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Agriculture

Bayer vows to appeal glyphosate verdict

Suit against Monsanto is the first of thousands alleging link to cancer

by Melody M. Bomgardner
August 16, 2018 | APPEARED IN VOLUME 96, ISSUE 33

 

09633-buscon3-spray.jpg
Credit: National Park Service
Glyphosate-containing herbicides are used to control weeds and invasive plants in farm fields, parks, and other public lands.

It has been only two months since Bayer finalized its purchase of agriculture giant Monsanto, and already the company faces a long legal battle over Monsanto’s best-known legacy products: herbicides containing glyphosate.

On Aug. 13, a San Francisco jury awarded Dewayne Johnson, a 46-year-old groundskeeper, $289 million in compensatory and punitive damages. It concluded that the glyphosate-based herbicides Roundup and Ranger Pro were associated with his non-Hodgkin’s lymphoma.

The case is the first of more than 4,000 alleging a link between the herbicides and cancer. Monsanto sells the off-patent herbicides as well as crop traits for glyphosate tolerance. The verdict immediately pushed Bayer’s stock price down more than 11%.

Monsanto says it will file posttrial motions and, if needed, appeal the ruling. In a statement, the company says the jury ignored glyphosate’s 40 years of safe use as well as hundreds of scientific studies and regulatory reviews.

“Glyphosate does not cause cancer. The jury got it wrong,” Monsanto Vice President Scott Partridge wrote. “We are confident science will prevail upon appeal.”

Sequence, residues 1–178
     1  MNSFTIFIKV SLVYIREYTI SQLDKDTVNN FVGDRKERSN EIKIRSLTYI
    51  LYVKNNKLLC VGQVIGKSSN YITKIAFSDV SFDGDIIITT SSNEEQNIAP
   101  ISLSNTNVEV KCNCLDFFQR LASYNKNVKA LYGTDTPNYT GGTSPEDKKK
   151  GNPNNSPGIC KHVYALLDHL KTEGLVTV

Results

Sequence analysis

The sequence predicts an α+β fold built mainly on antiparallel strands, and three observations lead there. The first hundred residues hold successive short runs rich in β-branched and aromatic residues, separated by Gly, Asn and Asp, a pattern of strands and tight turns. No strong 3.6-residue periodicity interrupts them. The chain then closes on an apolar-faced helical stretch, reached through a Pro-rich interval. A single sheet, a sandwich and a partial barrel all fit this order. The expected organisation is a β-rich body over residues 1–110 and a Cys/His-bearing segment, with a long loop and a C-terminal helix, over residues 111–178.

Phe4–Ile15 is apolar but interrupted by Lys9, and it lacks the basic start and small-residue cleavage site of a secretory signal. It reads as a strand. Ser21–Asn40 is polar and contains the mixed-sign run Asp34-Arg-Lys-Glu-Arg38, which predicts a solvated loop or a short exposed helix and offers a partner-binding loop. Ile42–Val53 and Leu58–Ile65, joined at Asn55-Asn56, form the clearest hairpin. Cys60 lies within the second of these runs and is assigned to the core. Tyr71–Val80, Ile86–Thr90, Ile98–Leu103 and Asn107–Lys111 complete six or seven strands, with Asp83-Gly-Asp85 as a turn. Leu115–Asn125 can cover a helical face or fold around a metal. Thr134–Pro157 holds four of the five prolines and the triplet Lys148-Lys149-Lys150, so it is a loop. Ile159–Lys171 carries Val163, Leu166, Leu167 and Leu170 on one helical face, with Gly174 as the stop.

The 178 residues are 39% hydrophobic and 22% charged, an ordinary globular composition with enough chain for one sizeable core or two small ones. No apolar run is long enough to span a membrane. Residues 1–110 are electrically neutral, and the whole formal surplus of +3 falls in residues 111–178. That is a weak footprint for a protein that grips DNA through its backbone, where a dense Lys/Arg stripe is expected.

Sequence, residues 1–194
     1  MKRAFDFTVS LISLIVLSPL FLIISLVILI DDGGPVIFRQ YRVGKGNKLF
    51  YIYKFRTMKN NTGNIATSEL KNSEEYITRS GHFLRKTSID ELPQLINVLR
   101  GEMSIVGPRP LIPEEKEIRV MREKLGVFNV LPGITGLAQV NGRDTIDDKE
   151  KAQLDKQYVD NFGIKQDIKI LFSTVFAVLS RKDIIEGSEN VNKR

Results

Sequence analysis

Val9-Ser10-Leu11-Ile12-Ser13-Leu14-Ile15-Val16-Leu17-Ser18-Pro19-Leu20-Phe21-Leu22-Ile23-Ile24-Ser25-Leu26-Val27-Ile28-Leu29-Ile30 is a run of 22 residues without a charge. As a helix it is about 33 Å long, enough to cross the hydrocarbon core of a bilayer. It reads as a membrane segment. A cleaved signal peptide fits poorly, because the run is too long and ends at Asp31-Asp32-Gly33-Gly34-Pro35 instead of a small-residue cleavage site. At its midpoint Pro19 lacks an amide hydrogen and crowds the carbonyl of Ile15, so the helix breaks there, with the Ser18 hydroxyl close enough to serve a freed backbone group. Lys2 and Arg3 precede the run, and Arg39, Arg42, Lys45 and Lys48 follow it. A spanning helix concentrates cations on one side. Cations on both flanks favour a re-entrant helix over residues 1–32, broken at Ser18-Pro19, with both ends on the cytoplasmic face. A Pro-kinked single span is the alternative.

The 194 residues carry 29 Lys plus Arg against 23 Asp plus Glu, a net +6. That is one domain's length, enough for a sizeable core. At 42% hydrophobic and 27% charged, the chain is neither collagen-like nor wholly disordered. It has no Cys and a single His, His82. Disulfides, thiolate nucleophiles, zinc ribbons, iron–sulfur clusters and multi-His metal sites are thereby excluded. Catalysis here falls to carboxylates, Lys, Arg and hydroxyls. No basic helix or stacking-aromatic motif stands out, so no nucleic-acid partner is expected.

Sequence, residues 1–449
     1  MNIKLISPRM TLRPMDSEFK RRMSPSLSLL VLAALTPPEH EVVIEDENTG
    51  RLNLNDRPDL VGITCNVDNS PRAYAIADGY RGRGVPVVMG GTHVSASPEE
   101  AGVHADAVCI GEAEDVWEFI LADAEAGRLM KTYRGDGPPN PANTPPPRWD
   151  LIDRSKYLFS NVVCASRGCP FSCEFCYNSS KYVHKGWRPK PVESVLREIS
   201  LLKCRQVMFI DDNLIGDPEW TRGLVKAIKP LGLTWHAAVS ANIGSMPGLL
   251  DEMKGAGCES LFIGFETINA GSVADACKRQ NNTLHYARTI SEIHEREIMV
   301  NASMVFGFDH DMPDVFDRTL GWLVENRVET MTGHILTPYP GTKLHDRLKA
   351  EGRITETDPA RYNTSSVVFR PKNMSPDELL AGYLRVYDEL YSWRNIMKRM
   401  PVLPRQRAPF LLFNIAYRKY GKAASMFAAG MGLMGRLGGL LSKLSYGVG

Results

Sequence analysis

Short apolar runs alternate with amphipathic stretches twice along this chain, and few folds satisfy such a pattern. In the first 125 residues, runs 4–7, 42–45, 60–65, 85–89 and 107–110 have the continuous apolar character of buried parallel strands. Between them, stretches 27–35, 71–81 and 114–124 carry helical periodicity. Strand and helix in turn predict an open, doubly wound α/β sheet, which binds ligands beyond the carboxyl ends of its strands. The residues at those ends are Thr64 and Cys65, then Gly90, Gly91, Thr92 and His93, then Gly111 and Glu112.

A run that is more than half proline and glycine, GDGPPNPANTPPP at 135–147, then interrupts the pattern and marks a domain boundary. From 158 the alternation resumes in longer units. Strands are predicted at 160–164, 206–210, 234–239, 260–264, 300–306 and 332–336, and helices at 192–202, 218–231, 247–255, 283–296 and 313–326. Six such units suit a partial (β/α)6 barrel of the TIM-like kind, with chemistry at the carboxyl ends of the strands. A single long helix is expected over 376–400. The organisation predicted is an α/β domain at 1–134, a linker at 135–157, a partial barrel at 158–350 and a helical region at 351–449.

Johnson’s lawyers argued that the herbicides’ mixture of glyphosate and other harmful ingredients was a factor in his disease. Large personal-injury jury awards can be whittled down on appeal, but the focus on formulation cocktails makes the outcome of the cases hard to predict, according to Laurence Alexander, an analyst at the investment bank Jefferies Group.

Alexander estimates that glyphosate and associated traits bring in about $4.4 billion in annual profit to Monsanto and other firms that sell them. Consumer use of glyphosate herbicides may shrink following news of the case, but farmers are much less likely to abandon the herbicides or related seeds, Alexander predicts.

The verdict may add momentum to efforts outside the U.S. to restrict the use of glyphosate. Germany’s environment minister, Svenja Schulze, is pushing to phase out the herbicide. Earlier this month, a judge in Brazil ruled that registrations for glyphosate products would be suspended until the government reevaluates their toxicity.

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